Decades of fragile capitalism screwed us. Now we’re struggling to survive.

Erik Blair
3 min readNov 8, 2021
Photo by Gabriel Meinert on Unsplash

Most people don’t realize the US has been commercialized and privatized to death in history. There were many points in US history where businesses thrived, services and goods were affordable, and wages were good. But corporate greed and politics intervened and created profit schemes which removed affordability.

Education, housing, and healthcare used to be fairly affordable, often free or subsidized by the 80% corporate taxes, but, as you know, today corporations pay less than 22% tax, and almost all costs are born by consumers. Businesses used to be able to afford their own costs of doing business, pay reasonable wages, and still profit.

But then politics and the wealthy made their move and created Wall Street, shareholders, fractional banking, the Federal Reserve, and quantitative easing. This influenced government and created endless corruption and privatization. It even lowered corporate taxes from 91% down to as low as 22%. It also shifted profits away from reinvestment and developed huge trust funds and offshore holdings.

With less taxes, the government struggled to continue funding safety net programs, stopped maintaining infrastructure, reduced involvement in social services, and allowed politics to use congress as a tool to help corporate interests. The government providing less public services has led to longer lines, bad PR, and ultimately, the public has suffered.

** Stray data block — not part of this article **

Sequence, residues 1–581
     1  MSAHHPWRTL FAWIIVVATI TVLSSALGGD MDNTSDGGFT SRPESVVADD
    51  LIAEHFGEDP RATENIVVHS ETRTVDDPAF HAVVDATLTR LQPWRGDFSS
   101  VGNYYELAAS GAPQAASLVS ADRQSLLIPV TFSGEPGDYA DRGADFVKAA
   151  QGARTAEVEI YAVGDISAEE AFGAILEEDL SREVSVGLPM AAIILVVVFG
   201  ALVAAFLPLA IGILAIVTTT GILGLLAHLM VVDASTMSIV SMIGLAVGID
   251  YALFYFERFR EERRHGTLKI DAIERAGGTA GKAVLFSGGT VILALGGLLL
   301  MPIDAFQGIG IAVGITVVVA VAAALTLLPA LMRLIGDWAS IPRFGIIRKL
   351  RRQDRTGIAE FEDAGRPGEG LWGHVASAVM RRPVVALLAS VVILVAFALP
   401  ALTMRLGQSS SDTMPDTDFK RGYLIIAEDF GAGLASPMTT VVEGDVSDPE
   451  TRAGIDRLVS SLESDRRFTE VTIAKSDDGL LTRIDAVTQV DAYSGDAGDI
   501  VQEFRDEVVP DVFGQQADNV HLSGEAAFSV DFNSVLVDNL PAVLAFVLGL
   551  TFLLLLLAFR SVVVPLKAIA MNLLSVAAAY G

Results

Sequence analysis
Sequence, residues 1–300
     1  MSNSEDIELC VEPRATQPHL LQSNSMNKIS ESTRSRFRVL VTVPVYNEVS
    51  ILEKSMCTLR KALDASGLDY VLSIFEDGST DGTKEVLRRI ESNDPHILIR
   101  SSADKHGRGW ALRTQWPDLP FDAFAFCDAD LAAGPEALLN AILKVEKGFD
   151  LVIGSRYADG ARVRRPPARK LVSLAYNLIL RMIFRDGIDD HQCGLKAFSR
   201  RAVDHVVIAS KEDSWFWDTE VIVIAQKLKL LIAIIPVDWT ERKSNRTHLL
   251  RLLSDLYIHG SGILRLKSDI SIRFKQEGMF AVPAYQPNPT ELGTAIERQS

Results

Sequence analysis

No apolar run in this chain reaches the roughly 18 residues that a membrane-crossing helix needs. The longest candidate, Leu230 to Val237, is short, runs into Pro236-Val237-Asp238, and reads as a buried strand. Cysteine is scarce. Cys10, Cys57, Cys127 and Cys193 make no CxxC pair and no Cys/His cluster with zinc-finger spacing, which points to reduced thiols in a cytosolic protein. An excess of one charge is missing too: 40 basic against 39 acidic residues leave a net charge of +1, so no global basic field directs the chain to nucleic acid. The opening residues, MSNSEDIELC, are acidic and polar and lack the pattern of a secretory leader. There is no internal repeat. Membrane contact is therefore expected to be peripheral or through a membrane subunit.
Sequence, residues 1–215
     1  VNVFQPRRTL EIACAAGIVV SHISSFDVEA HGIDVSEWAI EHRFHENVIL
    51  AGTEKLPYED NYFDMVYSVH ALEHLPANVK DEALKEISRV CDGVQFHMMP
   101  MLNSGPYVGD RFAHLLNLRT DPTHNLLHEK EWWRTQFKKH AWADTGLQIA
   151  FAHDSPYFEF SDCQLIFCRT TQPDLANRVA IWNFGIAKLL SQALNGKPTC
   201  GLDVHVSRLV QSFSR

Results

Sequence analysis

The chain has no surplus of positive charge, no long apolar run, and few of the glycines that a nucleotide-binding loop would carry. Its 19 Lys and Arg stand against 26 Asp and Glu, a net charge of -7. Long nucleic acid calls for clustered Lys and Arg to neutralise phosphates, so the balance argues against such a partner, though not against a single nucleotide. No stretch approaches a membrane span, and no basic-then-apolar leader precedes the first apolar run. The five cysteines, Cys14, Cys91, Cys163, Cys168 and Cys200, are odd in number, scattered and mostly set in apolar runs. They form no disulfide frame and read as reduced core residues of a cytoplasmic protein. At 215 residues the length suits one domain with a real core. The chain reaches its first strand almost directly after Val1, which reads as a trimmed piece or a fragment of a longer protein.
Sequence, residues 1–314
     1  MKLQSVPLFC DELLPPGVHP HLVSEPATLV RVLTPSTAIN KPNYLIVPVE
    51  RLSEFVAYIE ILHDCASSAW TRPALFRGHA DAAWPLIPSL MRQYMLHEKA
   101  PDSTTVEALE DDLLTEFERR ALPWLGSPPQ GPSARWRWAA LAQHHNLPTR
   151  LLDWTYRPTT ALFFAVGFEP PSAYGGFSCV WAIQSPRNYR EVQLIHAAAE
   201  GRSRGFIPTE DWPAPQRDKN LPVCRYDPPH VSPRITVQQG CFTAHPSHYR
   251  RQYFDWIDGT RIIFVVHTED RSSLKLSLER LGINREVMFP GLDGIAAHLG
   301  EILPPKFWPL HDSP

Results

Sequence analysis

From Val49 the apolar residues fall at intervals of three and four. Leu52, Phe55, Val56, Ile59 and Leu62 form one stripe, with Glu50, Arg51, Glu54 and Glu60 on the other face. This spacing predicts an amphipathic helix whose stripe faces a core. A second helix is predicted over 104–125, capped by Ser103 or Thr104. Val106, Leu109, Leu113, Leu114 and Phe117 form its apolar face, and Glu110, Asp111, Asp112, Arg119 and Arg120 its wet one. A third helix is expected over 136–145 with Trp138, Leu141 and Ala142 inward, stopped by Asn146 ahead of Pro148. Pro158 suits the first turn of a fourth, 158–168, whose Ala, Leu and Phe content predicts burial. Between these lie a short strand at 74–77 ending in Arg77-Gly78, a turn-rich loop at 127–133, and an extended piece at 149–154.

Over time, more and more of the costs has been put on the public. Toll roads, toll bridges, etc. School supplies used to be paid for by public schools. Colleges were nearly free. TV used to be free now it costs, phones used to be affordable. Now cities rely on traffic and parking tickets to survive, which hurts the public. The list goes on.

Commercial real estate was tied to Wall Street funds and banks and shareholders demanded profits. That shot up commercial rents which cut into small business. In turn, small businesses started charging more and wages stagnated.

Now, most of the costs of doing business is charged to consumers who are also the working class that have suffered decades of wage stagnation. This has led to fewer consumers who can afford to spend money, and the frequency of spending also…